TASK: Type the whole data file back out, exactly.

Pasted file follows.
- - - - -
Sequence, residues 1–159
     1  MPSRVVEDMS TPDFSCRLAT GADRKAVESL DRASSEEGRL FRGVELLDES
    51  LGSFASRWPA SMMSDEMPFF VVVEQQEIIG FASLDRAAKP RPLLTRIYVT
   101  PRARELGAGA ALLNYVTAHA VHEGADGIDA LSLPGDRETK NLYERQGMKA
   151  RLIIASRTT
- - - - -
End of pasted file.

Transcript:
Sequence, residues 1–159
     1  MPSRVVEDMS TPDFSCRLAT GADRKAVESL DRASSEEGRL FRGVELLDES
    51  LGSFASRWPA SMMSDEMPFF VVVEQQEIIG FASLDRAAKP RPLLTRIYVT
   101  PRARELGAGA ALLNYVTAHA VHEGADGIDA LSLPGDRETK NLYERQGMKA
   151  RLIIASRTT